Impressive Debut: HT Review of “Happily Ever After?”


Bloomington Symphony Orchestra’s new conductor makes impressive debut

  • By Peter Jacobi H-T Reviewer |

Only on the job for a few weeks, Alejandro Gomez-Guillen had the orchestra in full command and playing with tremendous energy. And as he moved the program forward with bridges of information, he revealed a gift for gab, for wit and for choosing interesting facts and anecdotes with which to enlighten the crowd. The package proved delightful.

The theme of the program was opera; its title, “Happily Ever After?” The question mark was meant to suggest that music, more specifically operatic music, can relate contrasting moods and messages. To represent the exotic, vividly colorful and ultimately unhappy, Maestro Gomez-Guillen chose Bizet’s opera “Carmen.” For fable, adventure and the ultimately happy, he selected Mozart’s “The Magic Flute.”

Music from “Carmen” dominated the program, with seven selections, four orchestral and three vocal, the latter bringing to the stage mezzo-soprano Annie Chester (for the “Habanera” and “Seguedille”) and baritone Andrew Richardson (for the “Toreador Song”). What with well-selected music and informed spoken background from the podium, even listeners who have never seen “Carmen” could gain an understanding of what this particular work and also opera as a genre are all about.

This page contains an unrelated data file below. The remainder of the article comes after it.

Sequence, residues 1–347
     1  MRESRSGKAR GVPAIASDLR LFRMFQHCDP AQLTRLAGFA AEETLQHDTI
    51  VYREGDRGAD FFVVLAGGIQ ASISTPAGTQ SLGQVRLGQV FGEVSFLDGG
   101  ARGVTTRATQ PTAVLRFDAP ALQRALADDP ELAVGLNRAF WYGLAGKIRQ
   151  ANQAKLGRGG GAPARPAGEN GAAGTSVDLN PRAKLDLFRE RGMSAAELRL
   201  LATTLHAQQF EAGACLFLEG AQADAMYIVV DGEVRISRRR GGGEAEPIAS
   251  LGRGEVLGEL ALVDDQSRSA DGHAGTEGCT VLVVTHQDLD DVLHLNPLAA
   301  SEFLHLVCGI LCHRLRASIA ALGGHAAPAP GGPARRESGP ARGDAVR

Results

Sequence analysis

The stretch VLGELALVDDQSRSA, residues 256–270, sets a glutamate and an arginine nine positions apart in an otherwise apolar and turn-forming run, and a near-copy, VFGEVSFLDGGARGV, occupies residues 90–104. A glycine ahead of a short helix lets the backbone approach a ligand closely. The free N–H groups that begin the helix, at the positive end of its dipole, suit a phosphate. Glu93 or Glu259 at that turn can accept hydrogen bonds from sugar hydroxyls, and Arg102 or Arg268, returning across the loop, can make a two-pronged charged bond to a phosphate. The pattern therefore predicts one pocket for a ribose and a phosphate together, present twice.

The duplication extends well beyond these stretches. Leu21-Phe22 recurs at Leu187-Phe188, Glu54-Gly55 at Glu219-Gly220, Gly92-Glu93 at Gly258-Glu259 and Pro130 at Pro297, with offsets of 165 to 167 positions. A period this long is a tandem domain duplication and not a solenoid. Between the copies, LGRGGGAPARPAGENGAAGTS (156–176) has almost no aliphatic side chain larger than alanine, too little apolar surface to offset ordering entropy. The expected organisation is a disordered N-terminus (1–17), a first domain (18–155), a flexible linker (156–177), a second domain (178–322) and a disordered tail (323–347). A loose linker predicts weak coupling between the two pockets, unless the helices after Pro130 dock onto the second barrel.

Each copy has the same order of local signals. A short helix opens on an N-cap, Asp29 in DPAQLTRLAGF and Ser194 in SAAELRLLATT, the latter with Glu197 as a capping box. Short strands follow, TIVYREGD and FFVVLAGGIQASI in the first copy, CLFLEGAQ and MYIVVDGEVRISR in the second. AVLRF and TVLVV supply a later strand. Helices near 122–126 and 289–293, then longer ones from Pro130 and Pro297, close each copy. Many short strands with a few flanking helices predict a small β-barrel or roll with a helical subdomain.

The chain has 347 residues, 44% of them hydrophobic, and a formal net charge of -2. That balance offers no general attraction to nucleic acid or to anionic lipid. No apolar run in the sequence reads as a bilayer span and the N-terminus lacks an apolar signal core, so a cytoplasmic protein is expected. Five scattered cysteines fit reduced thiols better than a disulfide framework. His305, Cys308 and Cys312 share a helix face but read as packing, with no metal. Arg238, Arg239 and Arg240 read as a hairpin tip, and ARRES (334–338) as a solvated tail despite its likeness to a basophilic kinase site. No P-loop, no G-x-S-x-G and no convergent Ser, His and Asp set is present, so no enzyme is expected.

From Mozart’s “Flute,” the concert featured the overture, the Papageno-Papagena duet, (done up amusingly by soprano Laura Sterling and baritone Julian Morris), and the famously daunting, angry “Queen of the Night” aria, nicely negotiated by soprano Annika Mauss.

In support of the contention that music is an all-purpose expresser of feelings, Gomez-Guillen programmed additional samples to leave the listener with a broad range of emotional experiences: the sorrowful Dido’s Lament from Henry Purcell’s “Dido and Aeneas,” sung movingly by soprano Alejandra Martinez; the radiant orchestral Intermezzo from Pietro Mascagni’s famous verismo opera, “Cavalleria Rusticana”; “Vesti la giubba,” the emotional eruption of the cuckolded-by-his-wife clown Canio in Ruggero Leoncavallo’s “I Pagliacci,” sung powerfully by tenor Trey Smagur, and the colorful Polovtsian Dances from Alexander Borodin’s “Prince Igor,” a concluding sample from the orchestra.

In addition to all of the above, Kimberly Caballo brought her missionary Reimagining Opera for Kids vocal ensemble to perform an absolutely new opera, a 10-minute charmer about a girl and her stomach-hurting dog and how the hurt was soothed away. The participating singers were the previously mentioned soprano Martinez, mezzo Amanda Sesler and tenor Benjamin Hardin.

The concert was tremendously entertaining, for content and performance. The orchestra was terrific. Their leader, gifted and refreshingly enthusiastic, hinted with his artistic contribution that we have much more to learn from and expect in future BSO concerts. An added benefit of Saturday’s event, this reviewer believes, was a gain in the acceptance for opera from anyone who came to the concert not already sold on that wonderful art form. The program was most persuasive.